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Strange valentines: Customers are 'in love' with possessions

February 09, 2011

Do you know anyone who seems obsessed with a car, gun or other prized possession? Just in time for Valentine’s Day, new research from the W. P. Carey School of Business at ASU shows that a person may actually be "in love" with his or her favorite object.

The phenomenon is called “material possession love,” and the researchers found these customers are typically lonely and easily capable of spending a whopping six times more money lavishing their love on beloved possessions than others spend on similar products.

“Until now, when we’ve thought about attachment to objects, most consumer researchers have thought of it in terms of self-identity, such as whether owning and driving an expensive sports car helps you tell others you have a higher social status or makes you seem sportier,” said John Lastovicka, the study’s primary author and marketing professor at ASU. “We tend to get attached to things that help us convey our sense of self. However, here we found that, in some cases, consumers became emotionally attached to possessions as real substitutes in what resembled human relationships.”

The study by Lastovicka and his co-author, ASU business doctoral student Nancy Sirianni, recently was published online in the Journal of Consumer Research.

The study is based on in-depth interviews with various people at places such as car shows and gun ranges, and also on sample surveys with hundreds of gun owners, cyclists and computer owners. The researchers heard a variety of stories exemplifying loving relationships and were able to define which consumers displayed these relationships through a battery of questions assessing possession love.

For example, one car show participant named his car “Maybelline” and admitted to spending more time with the car than with people. Another participant described the purchase of his car in love-at-first-sight terms in which he spent “every penny I had, plus I borrowed … from my dad to pay for it.”

Yet another car enthusiast knew the last four digits of his car’s Vehicle Identification Number (VIN) by heart and could offer a complete timeline of the car’s history, including knowing the date and place of manufacturing and every previous owner. However, the researchers’ findings weren’t just limited to cars.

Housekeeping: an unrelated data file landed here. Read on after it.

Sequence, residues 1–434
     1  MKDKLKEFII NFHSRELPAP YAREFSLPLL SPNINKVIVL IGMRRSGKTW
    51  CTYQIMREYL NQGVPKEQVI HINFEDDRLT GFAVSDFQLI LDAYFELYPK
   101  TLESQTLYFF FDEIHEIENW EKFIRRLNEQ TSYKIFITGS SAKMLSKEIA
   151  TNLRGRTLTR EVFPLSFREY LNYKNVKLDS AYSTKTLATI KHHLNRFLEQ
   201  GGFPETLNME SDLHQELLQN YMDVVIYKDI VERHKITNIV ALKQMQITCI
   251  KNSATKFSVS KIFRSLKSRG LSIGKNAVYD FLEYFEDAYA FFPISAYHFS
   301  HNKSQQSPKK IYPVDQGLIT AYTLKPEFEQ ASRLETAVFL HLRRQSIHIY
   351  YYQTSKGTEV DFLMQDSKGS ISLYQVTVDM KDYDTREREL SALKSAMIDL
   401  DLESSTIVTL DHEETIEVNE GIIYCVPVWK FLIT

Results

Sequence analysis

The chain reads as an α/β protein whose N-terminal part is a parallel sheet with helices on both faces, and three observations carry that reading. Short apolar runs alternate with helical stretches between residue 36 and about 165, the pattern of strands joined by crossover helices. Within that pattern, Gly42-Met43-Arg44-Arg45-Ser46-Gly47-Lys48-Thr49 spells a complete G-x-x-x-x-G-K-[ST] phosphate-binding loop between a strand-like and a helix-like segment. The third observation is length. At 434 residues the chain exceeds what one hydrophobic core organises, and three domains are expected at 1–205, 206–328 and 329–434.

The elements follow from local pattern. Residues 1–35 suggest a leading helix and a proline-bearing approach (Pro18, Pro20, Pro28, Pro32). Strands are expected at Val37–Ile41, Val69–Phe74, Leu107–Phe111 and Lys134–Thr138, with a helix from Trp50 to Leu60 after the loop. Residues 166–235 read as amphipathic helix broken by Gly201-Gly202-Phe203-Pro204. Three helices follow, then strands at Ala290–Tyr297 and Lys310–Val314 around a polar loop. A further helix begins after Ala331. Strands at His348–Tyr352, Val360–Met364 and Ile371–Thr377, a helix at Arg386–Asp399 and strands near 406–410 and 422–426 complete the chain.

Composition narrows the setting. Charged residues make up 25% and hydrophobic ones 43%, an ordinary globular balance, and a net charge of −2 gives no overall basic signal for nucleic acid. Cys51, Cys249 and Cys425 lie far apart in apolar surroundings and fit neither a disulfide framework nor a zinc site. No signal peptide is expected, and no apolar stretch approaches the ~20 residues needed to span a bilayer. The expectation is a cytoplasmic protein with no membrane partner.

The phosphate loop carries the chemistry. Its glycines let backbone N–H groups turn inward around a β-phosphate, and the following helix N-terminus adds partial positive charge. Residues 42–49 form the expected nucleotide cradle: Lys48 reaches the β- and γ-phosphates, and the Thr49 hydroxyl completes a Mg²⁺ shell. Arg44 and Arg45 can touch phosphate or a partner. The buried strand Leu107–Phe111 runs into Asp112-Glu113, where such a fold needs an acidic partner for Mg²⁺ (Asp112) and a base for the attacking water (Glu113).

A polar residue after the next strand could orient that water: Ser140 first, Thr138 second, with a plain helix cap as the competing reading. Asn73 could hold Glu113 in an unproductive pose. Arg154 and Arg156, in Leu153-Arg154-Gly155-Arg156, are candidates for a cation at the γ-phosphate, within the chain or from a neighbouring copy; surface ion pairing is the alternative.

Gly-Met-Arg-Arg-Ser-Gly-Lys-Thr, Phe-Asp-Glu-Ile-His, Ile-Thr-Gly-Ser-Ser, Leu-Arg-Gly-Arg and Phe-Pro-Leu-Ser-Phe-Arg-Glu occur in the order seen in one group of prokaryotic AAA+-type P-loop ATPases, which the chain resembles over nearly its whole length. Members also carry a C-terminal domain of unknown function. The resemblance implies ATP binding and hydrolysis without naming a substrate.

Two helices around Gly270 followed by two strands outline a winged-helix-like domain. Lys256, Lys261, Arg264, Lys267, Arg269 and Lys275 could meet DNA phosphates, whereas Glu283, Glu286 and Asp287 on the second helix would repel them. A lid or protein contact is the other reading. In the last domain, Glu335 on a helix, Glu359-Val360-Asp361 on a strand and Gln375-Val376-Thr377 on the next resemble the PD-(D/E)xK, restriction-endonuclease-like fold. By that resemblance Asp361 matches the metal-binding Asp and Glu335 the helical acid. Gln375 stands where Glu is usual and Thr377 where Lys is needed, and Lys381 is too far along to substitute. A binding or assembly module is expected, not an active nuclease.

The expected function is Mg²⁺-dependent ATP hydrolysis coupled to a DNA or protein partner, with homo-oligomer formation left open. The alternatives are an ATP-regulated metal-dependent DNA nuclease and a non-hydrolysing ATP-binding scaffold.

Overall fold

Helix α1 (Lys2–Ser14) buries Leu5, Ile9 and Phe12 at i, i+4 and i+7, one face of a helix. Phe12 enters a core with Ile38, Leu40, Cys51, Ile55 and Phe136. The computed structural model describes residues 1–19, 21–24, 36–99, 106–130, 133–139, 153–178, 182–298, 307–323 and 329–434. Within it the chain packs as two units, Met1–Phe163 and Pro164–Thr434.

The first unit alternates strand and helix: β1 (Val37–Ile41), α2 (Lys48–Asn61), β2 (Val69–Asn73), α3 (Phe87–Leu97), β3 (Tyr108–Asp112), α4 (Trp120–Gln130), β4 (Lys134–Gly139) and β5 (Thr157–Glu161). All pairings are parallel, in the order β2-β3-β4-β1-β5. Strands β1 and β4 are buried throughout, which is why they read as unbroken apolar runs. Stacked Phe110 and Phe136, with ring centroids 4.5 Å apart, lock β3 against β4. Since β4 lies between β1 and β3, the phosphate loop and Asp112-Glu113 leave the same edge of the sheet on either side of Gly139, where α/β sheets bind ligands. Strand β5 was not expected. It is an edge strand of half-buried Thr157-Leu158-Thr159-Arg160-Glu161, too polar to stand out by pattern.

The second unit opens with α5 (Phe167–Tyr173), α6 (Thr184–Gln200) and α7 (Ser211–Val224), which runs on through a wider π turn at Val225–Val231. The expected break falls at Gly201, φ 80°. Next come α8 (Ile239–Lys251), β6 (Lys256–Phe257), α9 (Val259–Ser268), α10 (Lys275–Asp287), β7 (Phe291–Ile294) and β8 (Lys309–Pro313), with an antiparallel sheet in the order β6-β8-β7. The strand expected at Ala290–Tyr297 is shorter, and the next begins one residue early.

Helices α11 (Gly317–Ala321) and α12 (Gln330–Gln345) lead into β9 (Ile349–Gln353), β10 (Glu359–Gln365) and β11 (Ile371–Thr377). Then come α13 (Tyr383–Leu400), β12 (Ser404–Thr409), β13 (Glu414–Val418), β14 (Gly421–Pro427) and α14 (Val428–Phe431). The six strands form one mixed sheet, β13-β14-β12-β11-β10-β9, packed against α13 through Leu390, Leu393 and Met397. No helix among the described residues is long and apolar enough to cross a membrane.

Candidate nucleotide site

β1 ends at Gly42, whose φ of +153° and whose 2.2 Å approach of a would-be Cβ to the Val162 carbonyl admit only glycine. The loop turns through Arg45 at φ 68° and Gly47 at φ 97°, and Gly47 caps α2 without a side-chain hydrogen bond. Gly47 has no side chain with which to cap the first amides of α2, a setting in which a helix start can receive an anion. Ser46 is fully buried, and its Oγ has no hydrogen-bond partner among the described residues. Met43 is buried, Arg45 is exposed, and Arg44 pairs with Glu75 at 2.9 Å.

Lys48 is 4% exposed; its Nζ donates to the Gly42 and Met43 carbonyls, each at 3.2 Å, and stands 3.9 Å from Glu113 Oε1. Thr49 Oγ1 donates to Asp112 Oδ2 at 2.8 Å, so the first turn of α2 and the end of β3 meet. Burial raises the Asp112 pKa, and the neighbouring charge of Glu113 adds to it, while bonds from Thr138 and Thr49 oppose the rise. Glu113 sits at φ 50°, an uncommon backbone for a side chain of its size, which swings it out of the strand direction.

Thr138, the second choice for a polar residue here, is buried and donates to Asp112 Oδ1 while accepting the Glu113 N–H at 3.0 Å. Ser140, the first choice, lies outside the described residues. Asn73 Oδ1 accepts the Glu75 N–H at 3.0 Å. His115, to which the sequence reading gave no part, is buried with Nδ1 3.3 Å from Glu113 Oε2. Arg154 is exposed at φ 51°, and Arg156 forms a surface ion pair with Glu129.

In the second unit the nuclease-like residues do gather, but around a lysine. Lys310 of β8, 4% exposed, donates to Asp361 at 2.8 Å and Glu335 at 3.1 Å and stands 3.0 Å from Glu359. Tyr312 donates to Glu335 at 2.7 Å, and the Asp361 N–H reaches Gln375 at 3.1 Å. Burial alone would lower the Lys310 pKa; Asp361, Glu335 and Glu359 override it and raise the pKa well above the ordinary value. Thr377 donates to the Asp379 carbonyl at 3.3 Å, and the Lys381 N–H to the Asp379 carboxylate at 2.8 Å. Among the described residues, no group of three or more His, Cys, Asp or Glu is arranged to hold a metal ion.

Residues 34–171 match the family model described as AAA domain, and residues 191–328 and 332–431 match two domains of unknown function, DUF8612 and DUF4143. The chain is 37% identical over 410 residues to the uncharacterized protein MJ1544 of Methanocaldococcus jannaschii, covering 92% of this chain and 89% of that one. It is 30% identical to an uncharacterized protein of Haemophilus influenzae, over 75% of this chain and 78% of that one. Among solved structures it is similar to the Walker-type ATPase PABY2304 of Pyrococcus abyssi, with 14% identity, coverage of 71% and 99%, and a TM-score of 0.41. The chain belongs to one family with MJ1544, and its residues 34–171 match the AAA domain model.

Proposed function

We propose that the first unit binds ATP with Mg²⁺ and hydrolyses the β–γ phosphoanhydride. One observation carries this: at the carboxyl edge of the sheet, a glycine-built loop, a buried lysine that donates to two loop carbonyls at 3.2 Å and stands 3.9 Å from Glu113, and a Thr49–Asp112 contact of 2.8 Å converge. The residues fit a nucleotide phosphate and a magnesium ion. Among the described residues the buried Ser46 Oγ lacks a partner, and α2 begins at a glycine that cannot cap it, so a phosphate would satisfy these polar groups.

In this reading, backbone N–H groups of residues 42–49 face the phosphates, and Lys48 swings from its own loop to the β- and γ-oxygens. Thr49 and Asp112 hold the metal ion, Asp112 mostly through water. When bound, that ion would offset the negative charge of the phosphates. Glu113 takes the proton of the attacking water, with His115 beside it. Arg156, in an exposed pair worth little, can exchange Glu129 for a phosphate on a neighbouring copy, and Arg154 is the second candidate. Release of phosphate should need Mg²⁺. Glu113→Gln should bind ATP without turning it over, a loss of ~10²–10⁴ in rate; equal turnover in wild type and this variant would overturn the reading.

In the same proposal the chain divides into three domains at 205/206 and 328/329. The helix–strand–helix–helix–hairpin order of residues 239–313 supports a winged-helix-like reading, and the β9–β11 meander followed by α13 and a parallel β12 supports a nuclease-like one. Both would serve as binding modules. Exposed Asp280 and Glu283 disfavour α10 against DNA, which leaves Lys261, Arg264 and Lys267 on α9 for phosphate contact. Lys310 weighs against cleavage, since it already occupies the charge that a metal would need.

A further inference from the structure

“We went into this just looking at automobiles, but found it was a generalizable phenomenon,” Lastovicka said. “We were surprised to find people lavishing love on bicycles, computers and guns. Also, this wasn’t love for a brand – this was simply a love for the specific possession owned by the consumer.”

The researchers found love-smitten consumers were nurturing their beloved possessions by spending countless hours with them and a lot of money buying complementary products and services. Love-smitten gun owners spent an average of six times more money on their weapons than others. Computer and bicycle owners in this category spent about twice as much as others.

“I’ve been working with segmentation data for about 40 years, and I’ve never seen whopper segmentation effects like this,” Lastovicka said. “However, love is a powerful human emotion, so it shouldn’t be very surprising that those who really love something are lavishing their money and time on it.”

Although smitten consumers are great customers, they require special care by businesses.

“A marketer needs to be careful not to judge these people as being weird," Lastovicka said. "They are excellent customers who spend a lot to buy things to support their beloved, and they will likely pay premium prices – but they are savvy and will probably take their business elsewhere if they think a marketer or retailer is making fun of them.”

Lastovicka added it’s interesting to note these customers are actually not big on talking with just anyone about their prized products.

“It is likely that many enthusiasts are selective with their word of mouth, as they have learned family and friends no longer want to hear about the beloved possessions,” Lastovicka said.

Lastovicka also speculated that these possessions have to be items that can be physically touched by the owners. That is a key element because the prized possessions often are filling some type of interpersonal void.

“People with these attachments tend to be lonely, and maybe this is a sign of the times,” Lastovicka said. “As we have become a wealthier society, many of us move away from home. We have fewer close family members and friends around. People are looking for ways to emotionally connect without rejection, and this likely is better than alternative outcomes to loneliness, including alcohol abuse, delinquency and depression.”

The new journal article is titled “Truly, Madly, Deeply: Consumers in the Throes of Material Possession Love.” To read it, go to More analysis is also available at Knowledge@W. P. Carey, the W. P. Carey School of Business’ online resource, at;jsessionid=d03013bbd24ea04c0227f75372c4e423c423?cid=4.